In Wadhawan, the investigating agency (the CBI) filed a chargesheet within the stipulated time (which, the trial court had held after arguments, was ninety days). The trial court even took cognizance of offences on its basis. After this, the accused filed applications for bail under Section 167(2), arguing that the investigation was incomplete, and the chargesheet was nothing but a means to frustrate the right to default bail.

The issue, therefore, concerned the chargesheet’s contents, and deliberating the completeness or lack thereof of the investigation by the CBI. A materially similar issue arose before the Court in Ritu Chhabaria – there, the police filed a chargesheet, which the Court found incomplete, and held that it did not disentitle the accused from being released. The opinion discouraged other courts from “mechanically accepting incomplete chargesheets”, prompting an enquiry into its contents, which would enable a court to determine the investigation’s completeness (¶33). Of course, the opinion has since been “recalled” by the Supreme Court itself in Directorate of Enforcement v. Manpreet Singh Talwar, forbidding courts from relying on Ritu Chhabaria, but not specifically depriving courts from considering the argument therein (which was not novel at all). 

This enquiry into contents of a chargesheet is important to preserve the moral value of pre-trial detention, for the scheme of sixty/ninety days under section 167(2) is designed with the notion that detention without probative material pointing to the accused’s guilt must be for a limited duration. Disingenuous chargesheets aiming to pin guilt on the accused preliminarily, awaiting (a long) process of trial, must be deeply scrutinised by courts.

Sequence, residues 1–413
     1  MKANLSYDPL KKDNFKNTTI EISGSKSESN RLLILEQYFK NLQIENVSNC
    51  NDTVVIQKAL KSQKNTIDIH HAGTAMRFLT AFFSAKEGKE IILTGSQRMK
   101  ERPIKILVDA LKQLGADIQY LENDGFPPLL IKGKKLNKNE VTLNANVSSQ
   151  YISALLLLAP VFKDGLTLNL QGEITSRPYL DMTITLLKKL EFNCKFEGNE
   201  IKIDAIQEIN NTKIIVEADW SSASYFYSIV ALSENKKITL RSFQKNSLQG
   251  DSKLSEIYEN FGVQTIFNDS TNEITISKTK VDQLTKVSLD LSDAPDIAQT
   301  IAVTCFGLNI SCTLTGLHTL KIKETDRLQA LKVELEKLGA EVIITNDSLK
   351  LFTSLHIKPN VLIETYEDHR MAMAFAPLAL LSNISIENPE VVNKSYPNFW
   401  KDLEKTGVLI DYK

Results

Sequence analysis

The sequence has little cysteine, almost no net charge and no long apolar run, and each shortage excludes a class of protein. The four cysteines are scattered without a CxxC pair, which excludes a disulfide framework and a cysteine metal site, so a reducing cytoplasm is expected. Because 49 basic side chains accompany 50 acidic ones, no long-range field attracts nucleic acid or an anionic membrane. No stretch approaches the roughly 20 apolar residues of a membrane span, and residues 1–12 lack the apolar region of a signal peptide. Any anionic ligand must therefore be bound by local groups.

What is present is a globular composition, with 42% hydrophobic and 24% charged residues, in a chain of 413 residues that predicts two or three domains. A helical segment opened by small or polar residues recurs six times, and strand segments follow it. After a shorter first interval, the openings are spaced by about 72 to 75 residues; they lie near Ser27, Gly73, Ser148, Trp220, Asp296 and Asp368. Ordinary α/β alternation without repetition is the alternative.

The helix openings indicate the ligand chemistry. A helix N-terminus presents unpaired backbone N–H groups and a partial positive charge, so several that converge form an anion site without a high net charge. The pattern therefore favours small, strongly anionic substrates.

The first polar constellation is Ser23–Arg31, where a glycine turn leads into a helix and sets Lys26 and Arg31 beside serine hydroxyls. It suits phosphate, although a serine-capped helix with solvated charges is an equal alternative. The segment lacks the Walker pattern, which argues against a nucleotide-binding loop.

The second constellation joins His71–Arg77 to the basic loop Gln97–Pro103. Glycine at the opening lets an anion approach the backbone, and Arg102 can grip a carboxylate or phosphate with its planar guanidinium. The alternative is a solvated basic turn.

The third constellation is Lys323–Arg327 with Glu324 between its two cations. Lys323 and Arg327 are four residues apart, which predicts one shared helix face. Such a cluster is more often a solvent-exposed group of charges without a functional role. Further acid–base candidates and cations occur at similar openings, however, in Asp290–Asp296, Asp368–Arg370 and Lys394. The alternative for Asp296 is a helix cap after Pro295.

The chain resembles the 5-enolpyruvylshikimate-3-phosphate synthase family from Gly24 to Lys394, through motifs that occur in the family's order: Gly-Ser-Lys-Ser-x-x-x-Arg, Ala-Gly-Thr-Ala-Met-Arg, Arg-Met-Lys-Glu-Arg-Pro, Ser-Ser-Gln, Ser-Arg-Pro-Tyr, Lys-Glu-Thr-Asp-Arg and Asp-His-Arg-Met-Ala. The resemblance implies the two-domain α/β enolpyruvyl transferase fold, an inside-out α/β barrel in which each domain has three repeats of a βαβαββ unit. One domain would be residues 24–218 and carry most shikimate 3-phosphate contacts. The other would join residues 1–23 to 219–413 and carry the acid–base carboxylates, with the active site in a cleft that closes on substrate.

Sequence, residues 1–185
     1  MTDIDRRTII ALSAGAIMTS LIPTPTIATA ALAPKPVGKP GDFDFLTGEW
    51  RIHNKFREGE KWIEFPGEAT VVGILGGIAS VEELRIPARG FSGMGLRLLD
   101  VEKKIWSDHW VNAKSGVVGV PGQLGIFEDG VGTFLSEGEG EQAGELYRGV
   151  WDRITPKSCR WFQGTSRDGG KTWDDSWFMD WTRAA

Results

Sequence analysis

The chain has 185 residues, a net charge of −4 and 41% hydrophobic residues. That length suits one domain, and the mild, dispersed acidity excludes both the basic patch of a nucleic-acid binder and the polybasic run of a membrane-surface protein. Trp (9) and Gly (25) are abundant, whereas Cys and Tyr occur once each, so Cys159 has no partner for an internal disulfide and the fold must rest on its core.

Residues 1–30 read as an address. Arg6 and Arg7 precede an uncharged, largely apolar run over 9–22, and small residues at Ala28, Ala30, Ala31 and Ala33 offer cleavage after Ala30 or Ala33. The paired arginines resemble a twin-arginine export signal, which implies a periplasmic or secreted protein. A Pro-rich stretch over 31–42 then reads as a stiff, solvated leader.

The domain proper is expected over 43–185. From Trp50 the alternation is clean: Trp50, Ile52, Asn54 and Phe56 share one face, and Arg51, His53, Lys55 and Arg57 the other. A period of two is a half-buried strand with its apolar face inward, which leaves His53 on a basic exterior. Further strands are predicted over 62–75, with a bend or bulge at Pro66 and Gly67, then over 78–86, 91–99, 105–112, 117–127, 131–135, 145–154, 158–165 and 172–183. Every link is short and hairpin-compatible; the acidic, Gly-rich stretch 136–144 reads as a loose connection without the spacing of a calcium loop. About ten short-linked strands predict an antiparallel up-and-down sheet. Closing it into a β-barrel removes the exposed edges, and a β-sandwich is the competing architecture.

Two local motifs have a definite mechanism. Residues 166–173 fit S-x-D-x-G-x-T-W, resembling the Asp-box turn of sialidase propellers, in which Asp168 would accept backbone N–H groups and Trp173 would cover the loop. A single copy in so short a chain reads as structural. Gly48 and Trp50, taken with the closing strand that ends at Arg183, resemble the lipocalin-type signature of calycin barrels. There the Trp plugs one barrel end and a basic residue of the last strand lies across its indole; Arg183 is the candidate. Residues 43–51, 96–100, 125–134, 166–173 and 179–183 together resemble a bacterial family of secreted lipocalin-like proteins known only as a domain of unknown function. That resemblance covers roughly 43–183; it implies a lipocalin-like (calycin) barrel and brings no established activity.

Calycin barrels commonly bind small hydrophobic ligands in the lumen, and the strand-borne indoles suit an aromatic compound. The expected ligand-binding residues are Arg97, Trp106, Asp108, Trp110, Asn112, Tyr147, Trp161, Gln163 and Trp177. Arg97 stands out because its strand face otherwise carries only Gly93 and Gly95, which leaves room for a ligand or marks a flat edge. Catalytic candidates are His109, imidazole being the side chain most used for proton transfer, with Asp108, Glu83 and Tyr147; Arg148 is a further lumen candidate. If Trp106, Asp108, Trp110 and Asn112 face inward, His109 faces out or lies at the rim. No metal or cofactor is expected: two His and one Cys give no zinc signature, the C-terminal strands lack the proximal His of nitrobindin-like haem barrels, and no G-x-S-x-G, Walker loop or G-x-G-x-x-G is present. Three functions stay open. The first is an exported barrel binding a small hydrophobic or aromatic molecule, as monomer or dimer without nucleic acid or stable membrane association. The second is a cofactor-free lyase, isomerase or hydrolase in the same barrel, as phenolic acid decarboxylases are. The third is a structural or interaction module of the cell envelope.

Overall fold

Antony Duff, for example, notes that the legitimacy of pre-trial detention lies in citizens’ obligation to account for the reasonable fears their status as an “accused” generates in others’ minds by agreeing to a degree of social exclusion, especially when the alleged offences are heinous in nature. When, however, no attempt is made to enquire into an accused’s guilt, and probative material pointing thereto is lacking even after the completion of sixty/ninety days, the accused’s obligations to account for social fears must be recognized as having diminished, for they are – overall – presumed innocent of having committed the offence.